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Medical Inadmissibility in Canadian Immigration

During your journey to Canadian immigration, medical inadmissibility can become a significant hurdle. While criminal convictions often come to mind when discussing inadmissibility, health-related concerns are critical in determining entry into the country. All Canadian permanent residents and certain temporary status applicants must undergo a mandatory medical examination, making it imperative for immigration candidates to understand and address medical inadmissibility.


While there are no specific medical conditions that automatically render an applicant inadmissible to Canada, medical inadmissibility is evaluated based on three principles:

1. Danger to Public Health

Assessment is made through medical exam results and the applicant’s health history.

2. Danger to Public Safety

Authorities consider the potential for sudden mental or physical incapacity and the risk of unpredictable or violent behaviour.

3. Excessive Demand on Services

Evaluated based on the belief that an individual’s health condition could strain Canada’s health and social services, exceeding the cost threshold. According to IRCC, the 2024 Cost Threshold is $131,100 over 5 years (or $26,220 per year)

Exemptions from Excessive Demand Rules

Certain groups, such as refugees and their dependents, protected persons, and specific family sponsorship applicants, are exempt from Canada’s medical inadmissibility rules for excessive demand. 


Family sponsorship applicants are not subject to the excessive demand component when adjudicating medical admissibility. However, applicants can still be rejected if their medical condition poses a danger to Canadian public health or safety.

Overcoming Medical Inadmissibility

Individuals deemed ‘medically inadmissible to Canada’ due to certain health conditions can overcome this obstacle. The process involves providing necessary documentation and navigating the complexities of the Canadian immigration system.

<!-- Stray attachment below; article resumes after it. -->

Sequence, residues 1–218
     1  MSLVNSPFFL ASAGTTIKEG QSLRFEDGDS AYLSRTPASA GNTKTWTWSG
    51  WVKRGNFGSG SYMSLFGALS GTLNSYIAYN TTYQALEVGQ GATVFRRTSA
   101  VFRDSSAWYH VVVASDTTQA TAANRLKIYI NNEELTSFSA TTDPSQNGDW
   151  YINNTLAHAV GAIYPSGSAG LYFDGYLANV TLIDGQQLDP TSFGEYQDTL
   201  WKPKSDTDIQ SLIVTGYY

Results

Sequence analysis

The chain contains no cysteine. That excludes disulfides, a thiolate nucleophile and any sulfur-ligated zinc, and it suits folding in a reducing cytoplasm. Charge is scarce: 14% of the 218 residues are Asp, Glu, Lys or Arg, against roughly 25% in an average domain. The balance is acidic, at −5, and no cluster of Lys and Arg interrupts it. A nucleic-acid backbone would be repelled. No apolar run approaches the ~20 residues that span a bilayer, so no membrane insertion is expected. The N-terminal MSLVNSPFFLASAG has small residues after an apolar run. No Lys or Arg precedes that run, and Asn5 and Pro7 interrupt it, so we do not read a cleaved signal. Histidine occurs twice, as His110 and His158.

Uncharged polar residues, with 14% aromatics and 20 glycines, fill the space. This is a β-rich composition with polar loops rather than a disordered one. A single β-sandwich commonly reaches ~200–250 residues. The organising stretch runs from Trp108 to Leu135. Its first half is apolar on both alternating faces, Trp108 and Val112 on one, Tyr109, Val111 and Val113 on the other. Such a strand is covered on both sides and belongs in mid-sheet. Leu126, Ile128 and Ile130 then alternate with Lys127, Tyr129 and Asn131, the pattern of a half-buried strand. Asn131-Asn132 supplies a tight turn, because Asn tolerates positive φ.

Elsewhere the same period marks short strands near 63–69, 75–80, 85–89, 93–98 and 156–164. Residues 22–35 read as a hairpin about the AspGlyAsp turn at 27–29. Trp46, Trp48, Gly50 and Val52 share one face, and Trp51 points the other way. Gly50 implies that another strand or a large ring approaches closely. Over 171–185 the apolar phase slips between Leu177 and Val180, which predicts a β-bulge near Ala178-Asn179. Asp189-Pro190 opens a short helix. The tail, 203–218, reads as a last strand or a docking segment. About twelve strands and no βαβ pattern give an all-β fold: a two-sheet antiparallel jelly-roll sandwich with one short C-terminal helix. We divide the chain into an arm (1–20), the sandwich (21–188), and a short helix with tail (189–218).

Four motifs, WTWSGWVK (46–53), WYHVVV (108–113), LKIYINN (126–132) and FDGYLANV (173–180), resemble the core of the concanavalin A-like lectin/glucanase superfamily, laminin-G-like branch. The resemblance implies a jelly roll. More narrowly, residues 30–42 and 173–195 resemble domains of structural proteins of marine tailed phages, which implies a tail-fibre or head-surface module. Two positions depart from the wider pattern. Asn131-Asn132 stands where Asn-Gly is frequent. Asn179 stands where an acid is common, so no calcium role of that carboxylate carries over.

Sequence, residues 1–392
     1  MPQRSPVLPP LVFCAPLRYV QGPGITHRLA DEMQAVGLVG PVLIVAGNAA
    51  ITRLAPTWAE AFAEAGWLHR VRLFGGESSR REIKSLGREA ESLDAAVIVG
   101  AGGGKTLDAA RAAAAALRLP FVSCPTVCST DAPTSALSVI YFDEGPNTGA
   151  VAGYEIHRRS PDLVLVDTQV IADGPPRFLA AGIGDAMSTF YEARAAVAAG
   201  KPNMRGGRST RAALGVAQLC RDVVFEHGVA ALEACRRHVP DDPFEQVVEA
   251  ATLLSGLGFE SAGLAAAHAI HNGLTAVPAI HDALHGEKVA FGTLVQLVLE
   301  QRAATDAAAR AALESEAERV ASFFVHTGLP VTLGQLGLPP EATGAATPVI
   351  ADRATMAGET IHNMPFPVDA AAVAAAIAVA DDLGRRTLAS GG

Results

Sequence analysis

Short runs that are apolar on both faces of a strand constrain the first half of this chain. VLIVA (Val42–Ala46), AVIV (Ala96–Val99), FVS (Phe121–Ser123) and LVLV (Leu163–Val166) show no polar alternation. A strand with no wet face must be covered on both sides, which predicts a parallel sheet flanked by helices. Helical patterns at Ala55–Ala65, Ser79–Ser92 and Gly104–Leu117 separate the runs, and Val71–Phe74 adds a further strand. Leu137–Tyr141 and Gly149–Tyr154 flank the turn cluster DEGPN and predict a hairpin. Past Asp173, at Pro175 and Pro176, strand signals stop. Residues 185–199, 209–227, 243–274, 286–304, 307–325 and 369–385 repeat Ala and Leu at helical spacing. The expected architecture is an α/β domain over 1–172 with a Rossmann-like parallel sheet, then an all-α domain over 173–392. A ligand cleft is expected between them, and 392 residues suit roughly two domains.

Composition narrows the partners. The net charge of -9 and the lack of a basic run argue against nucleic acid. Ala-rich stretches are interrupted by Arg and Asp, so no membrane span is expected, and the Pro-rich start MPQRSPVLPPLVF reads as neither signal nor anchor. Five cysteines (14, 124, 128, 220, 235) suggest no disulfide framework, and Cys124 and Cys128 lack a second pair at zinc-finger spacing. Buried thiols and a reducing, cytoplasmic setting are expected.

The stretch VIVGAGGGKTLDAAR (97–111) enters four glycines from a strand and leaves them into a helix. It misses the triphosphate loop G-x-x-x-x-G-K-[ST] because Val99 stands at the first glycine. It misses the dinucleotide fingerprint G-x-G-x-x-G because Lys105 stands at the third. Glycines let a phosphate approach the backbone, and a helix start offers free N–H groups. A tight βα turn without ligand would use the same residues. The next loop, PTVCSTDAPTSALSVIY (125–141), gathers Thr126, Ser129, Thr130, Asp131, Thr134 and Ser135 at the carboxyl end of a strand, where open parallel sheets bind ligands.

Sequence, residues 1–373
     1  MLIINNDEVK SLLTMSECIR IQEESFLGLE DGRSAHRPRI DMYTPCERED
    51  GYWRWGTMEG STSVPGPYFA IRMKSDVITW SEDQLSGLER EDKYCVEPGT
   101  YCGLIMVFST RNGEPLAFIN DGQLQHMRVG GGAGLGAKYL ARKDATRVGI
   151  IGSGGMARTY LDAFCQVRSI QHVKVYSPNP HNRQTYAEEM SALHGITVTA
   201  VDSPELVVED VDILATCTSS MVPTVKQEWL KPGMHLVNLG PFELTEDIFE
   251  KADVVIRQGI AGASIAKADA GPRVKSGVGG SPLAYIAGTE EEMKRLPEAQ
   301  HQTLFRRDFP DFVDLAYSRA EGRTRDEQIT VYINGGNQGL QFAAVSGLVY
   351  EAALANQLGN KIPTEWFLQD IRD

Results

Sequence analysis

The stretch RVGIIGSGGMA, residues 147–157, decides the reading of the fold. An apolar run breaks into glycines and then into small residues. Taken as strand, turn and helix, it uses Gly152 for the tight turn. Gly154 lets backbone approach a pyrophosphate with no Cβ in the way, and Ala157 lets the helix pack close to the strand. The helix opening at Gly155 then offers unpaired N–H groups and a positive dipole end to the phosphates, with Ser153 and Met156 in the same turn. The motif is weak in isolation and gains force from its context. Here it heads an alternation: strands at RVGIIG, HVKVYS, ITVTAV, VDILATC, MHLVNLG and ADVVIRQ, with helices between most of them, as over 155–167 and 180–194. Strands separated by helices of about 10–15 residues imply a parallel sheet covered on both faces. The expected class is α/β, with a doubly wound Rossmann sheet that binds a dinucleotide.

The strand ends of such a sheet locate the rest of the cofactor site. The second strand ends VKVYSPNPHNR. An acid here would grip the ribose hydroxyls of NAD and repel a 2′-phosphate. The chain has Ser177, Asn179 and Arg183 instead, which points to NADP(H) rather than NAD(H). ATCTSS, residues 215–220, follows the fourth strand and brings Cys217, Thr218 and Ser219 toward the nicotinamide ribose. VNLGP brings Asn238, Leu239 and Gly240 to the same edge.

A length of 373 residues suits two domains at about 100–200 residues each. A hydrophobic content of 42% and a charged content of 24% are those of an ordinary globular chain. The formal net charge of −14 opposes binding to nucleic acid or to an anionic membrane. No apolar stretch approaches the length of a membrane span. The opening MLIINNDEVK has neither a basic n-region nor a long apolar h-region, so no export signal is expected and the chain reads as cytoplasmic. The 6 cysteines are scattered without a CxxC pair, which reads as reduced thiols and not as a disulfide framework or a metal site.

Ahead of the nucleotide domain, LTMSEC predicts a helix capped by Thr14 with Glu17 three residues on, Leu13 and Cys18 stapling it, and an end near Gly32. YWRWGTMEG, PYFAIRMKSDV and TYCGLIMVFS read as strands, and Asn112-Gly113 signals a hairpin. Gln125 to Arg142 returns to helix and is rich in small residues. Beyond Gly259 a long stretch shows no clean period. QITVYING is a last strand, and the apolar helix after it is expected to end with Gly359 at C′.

1. Seeking Legal Assistance

Experienced Canadian immigration lawyers play a crucial role in helping applicants understand and navigate medical inadmissibility. They assist with document preparation, avoid application errors, and communicate with the Canadian government on behalf of the applicant.

2. Medical Examination Process

Every person applying to immigrate to Canada, permanently or temporarily, must undergo a medical examination by an approved physician. The examination includes standard physical tests such as blood and urine tests, x-rays, and a review of medical records, including mental health records.

Health Conditions Leading to Inadmissibility

The Immigration, Refugees and Citizenship Canada (IRCC) lists various health conditions that may lead to medical refusal, which include but are not limited to:

  • untreated syphilis
  • active pulmonary tuberculosis
  • hostile or disruptive behaviour
  • organic brain disorders or paranoid states linked to violent behaviour
  • substance abuse issues that can cause anti-social behaviour, such as impaired driving or violence
  • sexual disorders such as pedophilia
  • impulsive sociopathic behavioural conditions
  • Chronic Kidney Disease
  • Crohn’s Disease
  • Diabetes
  • Cancers
  • Autoimmune Diseases (ex. AIDS, Lupus)
  • Learning Disabilities
  • Autism
  • Cerebral Palsy
  • Down Syndrome
  • Hepatitis B & C
  • Liver Disease


Policy Changes:

The government of Canada has been discussing potential policy changes, including a proposed increase in the annual cost threshold, which could impact the inadmissibility status of certain health conditions.

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